“My second day in D.C. began with a Congressional briefing involving talks from faculty at universities across the country, followed by lunch with the speakers for those interested. The briefing itself was targeted towards Congressional staffers and included the topics of urban heat islands, coastal marsh restoration, and agricultural management. I was particularly interested in the kinds of questions the staffers asked the speakers; theirs were very different from what would be asked in an academic setting, mostly focused on application and less on the importance of the research itself. Take-away message:  policymakers need fast facts and many of them so that they can have effective evidence in Congressional meetings with those who may not have a scientific background.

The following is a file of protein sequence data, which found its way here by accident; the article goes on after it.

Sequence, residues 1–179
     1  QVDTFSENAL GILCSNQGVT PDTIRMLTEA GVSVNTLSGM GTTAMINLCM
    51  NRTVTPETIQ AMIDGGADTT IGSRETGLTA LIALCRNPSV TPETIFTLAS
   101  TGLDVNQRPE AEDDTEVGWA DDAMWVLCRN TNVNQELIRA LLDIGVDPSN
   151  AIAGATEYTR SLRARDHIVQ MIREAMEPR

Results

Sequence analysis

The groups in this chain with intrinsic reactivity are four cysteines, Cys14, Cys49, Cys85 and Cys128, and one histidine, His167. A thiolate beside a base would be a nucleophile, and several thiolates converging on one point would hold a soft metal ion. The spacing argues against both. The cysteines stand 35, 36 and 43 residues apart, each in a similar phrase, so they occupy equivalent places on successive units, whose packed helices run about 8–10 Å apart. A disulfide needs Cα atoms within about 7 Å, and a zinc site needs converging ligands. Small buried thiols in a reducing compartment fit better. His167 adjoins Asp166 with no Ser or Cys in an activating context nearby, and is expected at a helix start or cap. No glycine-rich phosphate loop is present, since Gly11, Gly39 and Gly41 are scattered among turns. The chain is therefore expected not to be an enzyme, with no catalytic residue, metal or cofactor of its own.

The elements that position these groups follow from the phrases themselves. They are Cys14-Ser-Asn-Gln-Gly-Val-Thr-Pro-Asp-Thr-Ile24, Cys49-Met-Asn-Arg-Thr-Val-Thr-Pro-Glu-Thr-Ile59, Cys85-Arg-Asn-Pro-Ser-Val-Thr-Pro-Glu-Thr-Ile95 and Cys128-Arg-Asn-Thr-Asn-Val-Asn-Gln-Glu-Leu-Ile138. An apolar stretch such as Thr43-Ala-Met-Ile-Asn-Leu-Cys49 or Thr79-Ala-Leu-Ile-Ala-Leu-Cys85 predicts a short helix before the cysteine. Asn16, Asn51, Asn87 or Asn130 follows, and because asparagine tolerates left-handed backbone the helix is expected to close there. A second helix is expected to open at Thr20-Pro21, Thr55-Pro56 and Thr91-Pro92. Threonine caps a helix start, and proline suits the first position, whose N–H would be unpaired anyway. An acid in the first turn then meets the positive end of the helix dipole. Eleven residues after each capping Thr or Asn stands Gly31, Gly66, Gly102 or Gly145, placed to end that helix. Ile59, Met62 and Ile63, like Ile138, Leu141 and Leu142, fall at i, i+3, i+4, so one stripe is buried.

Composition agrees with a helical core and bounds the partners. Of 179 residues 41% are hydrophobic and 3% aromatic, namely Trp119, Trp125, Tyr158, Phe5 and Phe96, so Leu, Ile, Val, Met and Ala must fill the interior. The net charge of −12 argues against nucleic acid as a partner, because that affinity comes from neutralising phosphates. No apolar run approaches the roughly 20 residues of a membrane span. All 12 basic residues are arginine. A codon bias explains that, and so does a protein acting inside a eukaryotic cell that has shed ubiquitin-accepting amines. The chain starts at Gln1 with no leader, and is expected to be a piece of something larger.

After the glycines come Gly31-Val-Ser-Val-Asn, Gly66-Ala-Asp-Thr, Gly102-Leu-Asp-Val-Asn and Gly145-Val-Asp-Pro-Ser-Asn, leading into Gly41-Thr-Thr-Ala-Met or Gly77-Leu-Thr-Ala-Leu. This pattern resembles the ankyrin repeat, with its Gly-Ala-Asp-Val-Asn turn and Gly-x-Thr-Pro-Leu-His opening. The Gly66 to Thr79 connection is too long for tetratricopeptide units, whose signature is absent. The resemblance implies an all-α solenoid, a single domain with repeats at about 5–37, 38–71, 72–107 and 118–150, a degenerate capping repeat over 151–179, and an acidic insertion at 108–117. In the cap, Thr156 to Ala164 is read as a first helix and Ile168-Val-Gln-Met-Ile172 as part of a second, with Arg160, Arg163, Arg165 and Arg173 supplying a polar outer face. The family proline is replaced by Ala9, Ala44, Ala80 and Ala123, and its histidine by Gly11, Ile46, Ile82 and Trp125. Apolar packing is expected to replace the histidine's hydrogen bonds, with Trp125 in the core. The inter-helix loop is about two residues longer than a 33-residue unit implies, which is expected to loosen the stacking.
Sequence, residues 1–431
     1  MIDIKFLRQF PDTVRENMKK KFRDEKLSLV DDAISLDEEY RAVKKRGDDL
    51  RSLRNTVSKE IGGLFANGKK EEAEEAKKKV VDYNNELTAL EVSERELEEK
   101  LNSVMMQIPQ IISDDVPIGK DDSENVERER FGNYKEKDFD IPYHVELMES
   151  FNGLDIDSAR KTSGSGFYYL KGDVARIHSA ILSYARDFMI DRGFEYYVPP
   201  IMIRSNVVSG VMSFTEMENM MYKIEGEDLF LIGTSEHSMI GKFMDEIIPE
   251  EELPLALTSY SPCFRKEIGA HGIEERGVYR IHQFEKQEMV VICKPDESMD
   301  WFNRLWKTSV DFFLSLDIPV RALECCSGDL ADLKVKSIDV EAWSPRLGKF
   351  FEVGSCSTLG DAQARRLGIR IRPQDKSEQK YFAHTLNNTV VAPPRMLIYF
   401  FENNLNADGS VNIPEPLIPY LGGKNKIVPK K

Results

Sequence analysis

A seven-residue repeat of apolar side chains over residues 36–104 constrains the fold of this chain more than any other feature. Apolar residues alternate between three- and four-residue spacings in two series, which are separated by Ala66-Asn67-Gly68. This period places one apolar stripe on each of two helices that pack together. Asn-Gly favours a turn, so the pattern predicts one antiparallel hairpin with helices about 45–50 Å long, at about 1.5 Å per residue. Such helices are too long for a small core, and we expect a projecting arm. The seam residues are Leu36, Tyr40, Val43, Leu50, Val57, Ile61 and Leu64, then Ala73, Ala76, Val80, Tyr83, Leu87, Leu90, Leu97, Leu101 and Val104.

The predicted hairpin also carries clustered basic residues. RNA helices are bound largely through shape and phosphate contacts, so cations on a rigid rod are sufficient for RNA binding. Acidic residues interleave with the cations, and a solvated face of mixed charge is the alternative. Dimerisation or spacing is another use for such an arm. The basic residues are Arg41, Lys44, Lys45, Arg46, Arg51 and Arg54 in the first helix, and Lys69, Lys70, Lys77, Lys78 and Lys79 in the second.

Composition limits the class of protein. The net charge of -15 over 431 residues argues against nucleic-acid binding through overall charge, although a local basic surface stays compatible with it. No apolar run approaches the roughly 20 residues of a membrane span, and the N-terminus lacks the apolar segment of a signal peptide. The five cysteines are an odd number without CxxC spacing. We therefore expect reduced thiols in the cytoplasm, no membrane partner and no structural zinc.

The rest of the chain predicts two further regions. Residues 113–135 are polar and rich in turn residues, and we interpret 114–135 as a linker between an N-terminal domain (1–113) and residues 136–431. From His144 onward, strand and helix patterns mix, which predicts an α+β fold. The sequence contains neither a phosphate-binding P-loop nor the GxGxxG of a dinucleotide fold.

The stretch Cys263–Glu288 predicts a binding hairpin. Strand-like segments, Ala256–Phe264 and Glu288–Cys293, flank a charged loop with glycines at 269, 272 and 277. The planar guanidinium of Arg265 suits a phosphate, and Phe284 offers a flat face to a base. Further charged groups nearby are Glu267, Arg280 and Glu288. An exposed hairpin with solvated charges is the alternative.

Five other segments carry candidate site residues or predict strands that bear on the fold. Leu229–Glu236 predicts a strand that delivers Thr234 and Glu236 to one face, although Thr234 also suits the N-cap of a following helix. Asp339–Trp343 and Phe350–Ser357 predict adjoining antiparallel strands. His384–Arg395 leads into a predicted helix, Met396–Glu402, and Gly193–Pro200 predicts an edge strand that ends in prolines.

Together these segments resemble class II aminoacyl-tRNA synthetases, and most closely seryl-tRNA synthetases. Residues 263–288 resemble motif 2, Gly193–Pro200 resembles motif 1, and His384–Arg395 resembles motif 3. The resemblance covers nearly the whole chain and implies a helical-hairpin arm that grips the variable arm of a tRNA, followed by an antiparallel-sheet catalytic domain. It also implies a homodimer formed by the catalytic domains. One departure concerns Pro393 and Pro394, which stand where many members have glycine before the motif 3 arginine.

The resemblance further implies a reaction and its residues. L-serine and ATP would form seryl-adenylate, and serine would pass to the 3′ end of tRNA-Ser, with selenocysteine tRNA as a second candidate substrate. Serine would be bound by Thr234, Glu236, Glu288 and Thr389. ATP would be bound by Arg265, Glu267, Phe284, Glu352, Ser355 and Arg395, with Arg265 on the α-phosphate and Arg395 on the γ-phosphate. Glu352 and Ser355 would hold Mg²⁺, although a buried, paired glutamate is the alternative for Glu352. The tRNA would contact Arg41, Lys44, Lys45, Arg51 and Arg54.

“After lunch came the nerves:  the second half of October 9 was talking to actual Congresspeople! Well, not exactly. Appointments were made to talk to Congressional staffers who reported to their respective representatives. And my appointment had fallen through with Michigan representatives because of correspondence issues with the representatives' offices.  As a result, I teamed up with one of the briefing's faculty speakers, Dr. Darrel Jenerette from the University of California, Riverside, to talk to a staffer for Mark Takano (D), representative of the 41st District of California in the U.S. House of Representatives. Our conversation was a very positive one. Rep. Takano's stance was and is very much in favor of science, particularly science education. As a member of the House Science, Space, and Technology Committee, he agreed that funding for scientific research should be a priority for future knowledge and industry. I was very pleased to learn that science policy is not forgotten and that my views are represented at the federal level (although likely not enough).